MIDLAND, Texas (AP) _ Youngsters prayed and anxious adults with children of their own looked on as rescuers struggled to reach Jessica McClure, the toddler trapped in an abandoned well into which other children used to throw rocks.

''I don't know these people, but it's really been emotional for me,'' said Carol Davis, a mother of six who watched the rescue effort Thursday.

Throughout the day, the curious came and went, watching from backyards and the street in this working-class neighborhood filled with the din of jackhammers and generators.

In the yard where the effort continued today, a small mimosa tree was almost covered with the rock that had been hewn from the earth to create a shaft rescuers hoped would become the 18-month-old girl's tunnel to safety.

Paramedic Bill Walker wiped soot from his brow. ''They keep telling me, 'Go home, go home.' But I ain't going home,'' he said. ''I'm not leaving here till we get that little girl out.''

After school was out Thursday, Lynne Markgraf brought 13 children from a Midland YMCA. They held hands in a circle as she said a brief prayer. Some wept.

''It's hard to stop crying,'' said 8-year-old Amy Dyer, a friend of a cousin of the trapped girl. ''An 18-month-old baby, that's quite small.''

Ms. Markgraf said the children wanted to come to the scene. ''I definitely feel once this thing is played out they will feel they were part of a victory,'' she said. ''The children are very optimistic.''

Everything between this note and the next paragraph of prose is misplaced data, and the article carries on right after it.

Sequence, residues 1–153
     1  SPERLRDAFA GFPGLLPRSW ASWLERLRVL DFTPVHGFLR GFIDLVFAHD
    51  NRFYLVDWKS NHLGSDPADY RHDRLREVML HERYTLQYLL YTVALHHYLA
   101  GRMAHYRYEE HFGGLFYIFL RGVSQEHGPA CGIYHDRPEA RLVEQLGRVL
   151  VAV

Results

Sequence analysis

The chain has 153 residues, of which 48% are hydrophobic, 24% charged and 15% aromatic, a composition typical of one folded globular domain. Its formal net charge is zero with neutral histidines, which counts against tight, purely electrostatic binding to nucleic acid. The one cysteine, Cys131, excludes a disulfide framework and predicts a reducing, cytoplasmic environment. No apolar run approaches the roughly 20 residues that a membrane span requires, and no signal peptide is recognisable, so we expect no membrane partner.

''I have a 22-month-old baby myself - my heart goes out to the McClures and to Jessica,'' said Dr. Carolyn C. Rhode, the physician who delivered Jessica. ''I'm very concerned, and I am praying for her.''

The abandoned backyard water well is one of hundreds in town, many of them veiled by thick prairie grass. Neighborhood children said they occasionally threw rocks down the 8-inch shaft into which Jessica fell.

Next door to the rescue scene, the Salvation Army and Red Cross served refreshments to reporters and rescue workers. The yard became an instant press area, with a forest of ladders for peering over the fence at the scene.

Journalists walked in and out of the small, white frame house to use the telephone. ''We're used to company,'' laughed Becky Sprague, whose mother-in- law owns the home.

''We talked to London today and to (NBC anchorman) Tom Brokaw's office, which we never would expect to do. It livens up the neighborhood a lot,'' said Dennis Sprague, Mrs. Sprague's brother-in-law, who had been awake about 36 hours.

As night fell and floodlights came on for a second night of digging, Fire Chief James Roberts said, ''If you would have asked me yesterday morning, we wouldn't be here today.''